Beyond all, equal respect for all religions with the idea to develop or bring back creative human endeavor, required for the 21st-century education system, has been the main focus of NEP 2020.
Gender equality and inclusion
NEP aims to ensure equity and inclusion in and through education by addressing all forms of exclusion and marginalization, disparity, vulnerability and inequality in education access, participation, retention and completion and in learning outcomes.
Gender equality and inclusion are vital in achieving these aims and leaving no one behind. Education needs a greater focus on accessibility, equity and quality. Remarkable signs of progress have been noticed in the past few years in respect of female participation up to secondary level. Such progress could be because of Government’s policies and programmes run for girl child-like “Beti Bachao Beti Padhao”, “Sukanya and Balika Samridhi Yojana” and many more.
But girls’ enrolment is lower than that of boys at upper secondary education. Gross Education Ratio during 2015-2016 stands only 23.4% against 25.4% for boys in higher education and the gap is visible at all the social categories.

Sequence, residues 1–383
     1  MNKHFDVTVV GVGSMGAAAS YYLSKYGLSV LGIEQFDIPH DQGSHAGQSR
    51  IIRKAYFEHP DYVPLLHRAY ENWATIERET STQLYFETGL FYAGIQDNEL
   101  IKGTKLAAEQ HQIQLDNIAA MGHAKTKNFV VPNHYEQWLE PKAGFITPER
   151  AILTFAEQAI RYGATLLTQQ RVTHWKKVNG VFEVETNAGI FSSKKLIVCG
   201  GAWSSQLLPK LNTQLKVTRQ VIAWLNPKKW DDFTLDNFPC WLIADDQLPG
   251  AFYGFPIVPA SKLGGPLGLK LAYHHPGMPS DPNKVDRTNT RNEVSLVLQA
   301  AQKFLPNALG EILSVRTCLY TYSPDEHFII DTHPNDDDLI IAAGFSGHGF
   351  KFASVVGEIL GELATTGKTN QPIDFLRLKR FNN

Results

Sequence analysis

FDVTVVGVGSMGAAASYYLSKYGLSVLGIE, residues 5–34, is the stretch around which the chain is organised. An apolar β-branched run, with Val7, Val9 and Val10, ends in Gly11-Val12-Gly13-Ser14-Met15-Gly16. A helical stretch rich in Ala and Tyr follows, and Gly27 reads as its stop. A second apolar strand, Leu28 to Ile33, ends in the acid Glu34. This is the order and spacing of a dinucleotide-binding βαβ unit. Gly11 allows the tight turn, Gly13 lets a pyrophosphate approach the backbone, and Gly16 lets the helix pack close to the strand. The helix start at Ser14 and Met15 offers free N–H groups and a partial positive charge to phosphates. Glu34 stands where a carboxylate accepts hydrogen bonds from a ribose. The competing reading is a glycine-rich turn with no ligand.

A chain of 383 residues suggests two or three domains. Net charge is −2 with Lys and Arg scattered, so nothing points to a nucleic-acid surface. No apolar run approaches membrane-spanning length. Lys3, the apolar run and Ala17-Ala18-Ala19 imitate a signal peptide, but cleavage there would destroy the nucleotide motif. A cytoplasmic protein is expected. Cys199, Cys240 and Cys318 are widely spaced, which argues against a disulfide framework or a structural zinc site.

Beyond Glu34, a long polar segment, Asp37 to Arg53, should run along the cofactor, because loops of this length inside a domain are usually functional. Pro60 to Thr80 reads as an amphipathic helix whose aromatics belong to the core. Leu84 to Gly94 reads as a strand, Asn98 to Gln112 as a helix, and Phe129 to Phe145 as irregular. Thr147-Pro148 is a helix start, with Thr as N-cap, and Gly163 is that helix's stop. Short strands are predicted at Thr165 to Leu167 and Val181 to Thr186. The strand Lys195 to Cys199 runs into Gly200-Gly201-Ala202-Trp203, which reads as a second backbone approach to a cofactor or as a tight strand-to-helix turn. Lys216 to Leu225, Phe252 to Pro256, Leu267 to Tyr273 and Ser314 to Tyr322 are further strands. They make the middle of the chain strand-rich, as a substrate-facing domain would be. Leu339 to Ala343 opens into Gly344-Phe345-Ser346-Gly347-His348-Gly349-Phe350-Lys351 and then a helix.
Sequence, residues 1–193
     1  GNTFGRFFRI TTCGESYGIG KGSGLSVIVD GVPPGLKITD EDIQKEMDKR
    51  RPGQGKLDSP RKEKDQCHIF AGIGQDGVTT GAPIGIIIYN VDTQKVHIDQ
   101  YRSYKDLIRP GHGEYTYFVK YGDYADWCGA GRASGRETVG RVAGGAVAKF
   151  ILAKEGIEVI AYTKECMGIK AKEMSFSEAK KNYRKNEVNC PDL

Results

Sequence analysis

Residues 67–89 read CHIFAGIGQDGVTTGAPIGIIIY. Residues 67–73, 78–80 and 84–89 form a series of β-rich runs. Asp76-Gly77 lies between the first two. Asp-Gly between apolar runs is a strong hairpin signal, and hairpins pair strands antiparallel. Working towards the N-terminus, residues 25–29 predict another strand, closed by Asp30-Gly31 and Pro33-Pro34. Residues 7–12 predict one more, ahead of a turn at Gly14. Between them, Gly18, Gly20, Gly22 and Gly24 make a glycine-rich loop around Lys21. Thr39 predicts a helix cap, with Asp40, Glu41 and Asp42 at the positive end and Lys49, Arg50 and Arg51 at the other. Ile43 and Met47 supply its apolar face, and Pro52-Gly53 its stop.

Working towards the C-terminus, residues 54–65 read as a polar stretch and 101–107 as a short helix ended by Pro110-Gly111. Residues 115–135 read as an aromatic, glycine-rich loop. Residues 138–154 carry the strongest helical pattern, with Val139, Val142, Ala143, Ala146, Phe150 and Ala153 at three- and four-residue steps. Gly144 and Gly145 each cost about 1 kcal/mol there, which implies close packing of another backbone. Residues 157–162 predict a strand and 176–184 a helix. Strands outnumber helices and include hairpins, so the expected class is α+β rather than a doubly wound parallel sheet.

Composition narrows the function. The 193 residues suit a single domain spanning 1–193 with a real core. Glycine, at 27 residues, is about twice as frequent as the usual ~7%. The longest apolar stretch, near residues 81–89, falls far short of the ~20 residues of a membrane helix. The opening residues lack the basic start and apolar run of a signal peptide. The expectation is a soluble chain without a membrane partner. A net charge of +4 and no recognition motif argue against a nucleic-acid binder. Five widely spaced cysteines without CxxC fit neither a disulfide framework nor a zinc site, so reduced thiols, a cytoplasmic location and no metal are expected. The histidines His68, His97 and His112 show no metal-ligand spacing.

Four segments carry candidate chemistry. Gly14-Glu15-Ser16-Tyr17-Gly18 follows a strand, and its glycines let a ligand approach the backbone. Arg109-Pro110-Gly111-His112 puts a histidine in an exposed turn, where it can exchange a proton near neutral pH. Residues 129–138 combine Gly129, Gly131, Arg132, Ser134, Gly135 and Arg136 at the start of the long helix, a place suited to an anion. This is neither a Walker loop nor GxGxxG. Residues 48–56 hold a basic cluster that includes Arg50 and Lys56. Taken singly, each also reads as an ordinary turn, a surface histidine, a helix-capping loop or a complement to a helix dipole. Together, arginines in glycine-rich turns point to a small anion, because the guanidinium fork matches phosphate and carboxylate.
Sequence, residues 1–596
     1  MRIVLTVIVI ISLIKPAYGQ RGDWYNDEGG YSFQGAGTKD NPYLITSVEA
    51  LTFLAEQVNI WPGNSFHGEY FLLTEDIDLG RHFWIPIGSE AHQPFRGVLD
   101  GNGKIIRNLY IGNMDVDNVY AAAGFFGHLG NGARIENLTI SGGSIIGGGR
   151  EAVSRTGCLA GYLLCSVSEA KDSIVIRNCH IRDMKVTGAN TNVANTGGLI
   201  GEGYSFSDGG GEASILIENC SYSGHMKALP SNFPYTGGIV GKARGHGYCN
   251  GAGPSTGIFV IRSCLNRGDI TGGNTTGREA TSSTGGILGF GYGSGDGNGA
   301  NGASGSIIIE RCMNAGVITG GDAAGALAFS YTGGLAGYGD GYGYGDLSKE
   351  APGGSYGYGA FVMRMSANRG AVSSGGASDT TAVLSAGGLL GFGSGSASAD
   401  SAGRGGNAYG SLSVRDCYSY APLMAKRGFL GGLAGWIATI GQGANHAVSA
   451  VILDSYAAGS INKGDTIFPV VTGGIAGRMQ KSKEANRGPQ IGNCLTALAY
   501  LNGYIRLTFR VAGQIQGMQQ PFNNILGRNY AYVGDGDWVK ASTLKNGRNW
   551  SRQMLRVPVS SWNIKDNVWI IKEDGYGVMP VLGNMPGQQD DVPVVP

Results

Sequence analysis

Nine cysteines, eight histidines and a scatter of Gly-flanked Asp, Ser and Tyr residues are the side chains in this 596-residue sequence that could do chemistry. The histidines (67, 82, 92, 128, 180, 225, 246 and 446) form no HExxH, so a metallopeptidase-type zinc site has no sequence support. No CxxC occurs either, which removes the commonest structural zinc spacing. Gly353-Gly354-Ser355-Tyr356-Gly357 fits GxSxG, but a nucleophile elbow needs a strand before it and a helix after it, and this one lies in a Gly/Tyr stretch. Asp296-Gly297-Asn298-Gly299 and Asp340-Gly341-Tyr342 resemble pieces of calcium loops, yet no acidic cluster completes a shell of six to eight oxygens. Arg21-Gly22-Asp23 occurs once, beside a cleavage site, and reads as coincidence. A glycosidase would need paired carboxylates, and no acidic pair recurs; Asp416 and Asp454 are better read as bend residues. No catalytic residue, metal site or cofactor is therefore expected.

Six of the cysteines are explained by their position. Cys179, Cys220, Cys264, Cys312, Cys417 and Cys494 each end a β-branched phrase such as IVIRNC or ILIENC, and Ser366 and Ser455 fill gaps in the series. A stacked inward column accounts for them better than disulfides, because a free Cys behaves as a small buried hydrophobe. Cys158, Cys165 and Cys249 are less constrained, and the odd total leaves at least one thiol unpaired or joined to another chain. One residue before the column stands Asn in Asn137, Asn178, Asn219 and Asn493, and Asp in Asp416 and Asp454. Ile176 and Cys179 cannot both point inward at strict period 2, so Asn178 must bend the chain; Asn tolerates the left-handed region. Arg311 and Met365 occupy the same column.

Now, NEP’s biggest effort is to bring gender sensitivity as an integral part of curriculum and gender inclusion fund to be raised upto class 12 which covers all the socio-economically disadvantaged groups and also the transgenders.
The condition of the primary education at government schools, the dropout rates of girls has put the country on the back foot in education. But the new NEP has given more focus to school learning with a new way of coping multi-disciplinary programs and focuses on the 21st-century skills in teaching, learning and assessment.
Alternative and innovative education centres will led to multiple pathways of effective learning and widespread participation of students of different groups.
Inclusion of new Pedagogical system for Early Child Care Education